- 'Who is Responsible for this Patient?':A Case Study Analysis of Conflicting Interests between Patient, Family and Doctor in a Singaporean Context
Mdm KL was a previously well 46-year-old female who was admitted for complaints of progressively worsening headaches over six months. There were no other neurological symptoms. Despite the usual treatments, her symptoms remained refractory. An MRI (Magnetic Resonance Imaging) of her head demonstrated a lesion in her left temporal lobe.
In view of these findings, the patient was referred to the Department of Neurosurgery. The clinical impression was that of a primary brain tumour, possibly an aggressive glioma. A conference was held between Mdm KL, her husband and the neurosurgical team. No other family members were present. The doctors explained the current standard treatment: surgical excision of the lesion, followed by adjuvant chemotherapy and radiation therapy if the lesion was high-grade. The only way to confirm the tumour grade was via intra-operative histology of the excised lesion. If the lesion was indeed high-grade, she was recommended to undergo a course of concurrent radiotherapy and chemotherapy within six weeks post-surgery. She agreed to proceed with the full course of treatment, and signed her own consent for the operation with her husband present. He showed support for her decision.
The planned surgery was uneventful. A routine post-operative MRI brain demonstrated adequate excision of her brain tumour. She was transferred to the general ward on the day after her operation. [End Page 261]
However, on post-operative Day Four, Mdm KL developed serious pneumonia. She was re-admitted to the Neurointensive Care Unit, given ventilatory support and high-dose intravenous medications. During this period, her older brother who claimed to be a Traditional Chinese Medicine (TCM) physician made an appearance. He expressed great unhappiness with the medical team, blaming the doctors for the patient's deterioration.
The final histology of the tumour confirmed a high-grade glioma. Approximately three weeks post-surgery, Mdm KL recovered from her pneumonia. However, it was noted that her cognitive status had declined. Though she was able to participate in simple conversations, she was not able to comprehend the full extent of her illness or treatments needed. The doctors attributed this to possible post-operative brain swelling and a recent bout of sepsis. They felt her symptoms were likely to improve with time. Her husband was then approached for allowing adjuvant therapies to commence.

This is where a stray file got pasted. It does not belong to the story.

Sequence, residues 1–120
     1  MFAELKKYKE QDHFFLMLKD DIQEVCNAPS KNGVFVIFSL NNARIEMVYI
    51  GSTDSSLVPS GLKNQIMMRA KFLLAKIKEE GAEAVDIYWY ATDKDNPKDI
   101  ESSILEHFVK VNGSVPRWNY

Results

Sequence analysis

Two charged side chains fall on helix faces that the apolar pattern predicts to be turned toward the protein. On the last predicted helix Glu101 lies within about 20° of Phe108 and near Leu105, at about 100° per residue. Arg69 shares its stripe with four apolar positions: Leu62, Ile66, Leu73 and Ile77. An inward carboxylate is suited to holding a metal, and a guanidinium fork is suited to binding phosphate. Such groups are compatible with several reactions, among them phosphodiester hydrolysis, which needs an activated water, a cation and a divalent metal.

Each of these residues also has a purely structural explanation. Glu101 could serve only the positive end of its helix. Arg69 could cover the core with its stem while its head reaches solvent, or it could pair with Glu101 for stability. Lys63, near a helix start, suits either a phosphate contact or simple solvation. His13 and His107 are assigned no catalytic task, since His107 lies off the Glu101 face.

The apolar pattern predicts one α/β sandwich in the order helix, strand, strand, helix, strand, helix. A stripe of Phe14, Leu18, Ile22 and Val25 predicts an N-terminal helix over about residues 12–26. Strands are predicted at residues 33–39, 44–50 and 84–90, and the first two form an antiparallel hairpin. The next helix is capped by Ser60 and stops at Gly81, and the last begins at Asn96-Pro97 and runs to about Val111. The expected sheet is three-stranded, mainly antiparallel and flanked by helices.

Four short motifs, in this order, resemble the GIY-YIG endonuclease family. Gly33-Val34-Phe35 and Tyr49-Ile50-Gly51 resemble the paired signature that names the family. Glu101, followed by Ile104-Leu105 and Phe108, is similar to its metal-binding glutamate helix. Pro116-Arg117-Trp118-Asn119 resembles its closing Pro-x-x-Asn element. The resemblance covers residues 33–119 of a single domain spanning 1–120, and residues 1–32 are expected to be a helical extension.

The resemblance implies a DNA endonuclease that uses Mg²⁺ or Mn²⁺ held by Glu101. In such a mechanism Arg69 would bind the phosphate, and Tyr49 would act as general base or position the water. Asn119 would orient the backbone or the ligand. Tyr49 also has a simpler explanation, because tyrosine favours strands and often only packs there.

The patient's husband informed the medical team that the main decision-maker was now Mdm KL's brother. Hence, they should speak to the latter regarding further treatment plans for the patient. When spoken to, the brother adamantly refused for adjuvant therapy to start. His decision was backed by the patient's parents. They wanted the patient to be "better" as they felt she was "too weak" at this stage. Furthermore, the brother insisted on some goals for her to achieve as priority. These included a weight gain of about 10kg, and for her to return to her previously high-functioning status before her illness.
Multiple attempts were made to re-explain the need for further treatment to give Mdm KL the best chance of survival. Her husband was also simultaneously approached, but he remained subservient to his brother-in-law's decision. In addition, the hospital engaged its medical social worker to be involved in the discussions. However, all efforts were unsuccessful.
The allied health team, which included a dietician, speech therapist, physiotherapist and occupational therapist, was engaged by the medical team to attend to the patient. This was an attempt at trying to help accelerate her recovery process to at least meet the brother's demands as much as possible. However, her general and cognitive function failed to improve.
As time passed, the patient became increasingly drowsy and uncommunicative. An urgent MRI brain demonstrated aggressive tumour recurrence with local invasion into surrounding structures and dissemination into her spinal cord. The family was duly informed of the imaging findings. They were also informed that repeat surgical intervention or adjuvant therapy at this stage, would not be helpful. Overall, her prognosis was grim. [End Page 262]